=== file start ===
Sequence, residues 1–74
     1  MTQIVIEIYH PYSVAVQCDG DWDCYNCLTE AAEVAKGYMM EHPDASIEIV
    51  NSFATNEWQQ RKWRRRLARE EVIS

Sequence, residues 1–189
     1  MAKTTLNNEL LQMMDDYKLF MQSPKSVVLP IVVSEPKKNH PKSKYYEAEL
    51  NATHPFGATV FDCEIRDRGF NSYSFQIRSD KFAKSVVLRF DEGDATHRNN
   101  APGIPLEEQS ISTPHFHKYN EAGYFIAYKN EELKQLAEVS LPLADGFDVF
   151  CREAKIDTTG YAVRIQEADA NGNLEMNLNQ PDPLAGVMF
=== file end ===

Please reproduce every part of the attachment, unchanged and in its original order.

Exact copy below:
Sequence, residues 1–74
     1  MTQIVIEIYH PYSVAVQCDG DWDCYNCLTE AAEVAKGYMM EHPDASIEIV
    51  NSFATNEWQQ RKWRRRLARE EVIS

Sequence, residues 1–189
     1  MAKTTLNNEL LQMMDDYKLF MQSPKSVVLP IVVSEPKKNH PKSKYYEAEL
    51  NATHPFGATV FDCEIRDRGF NSYSFQIRSD KFAKSVVLRF DEGDATHRNN
   101  APGIPLEEQS ISTPHFHKYN EAGYFIAYKN EELKQLAEVS LPLADGFDVF
   151  CREAKIDTTG YAVRIQEADA NGNLEMNLNQ PDPLAGVMF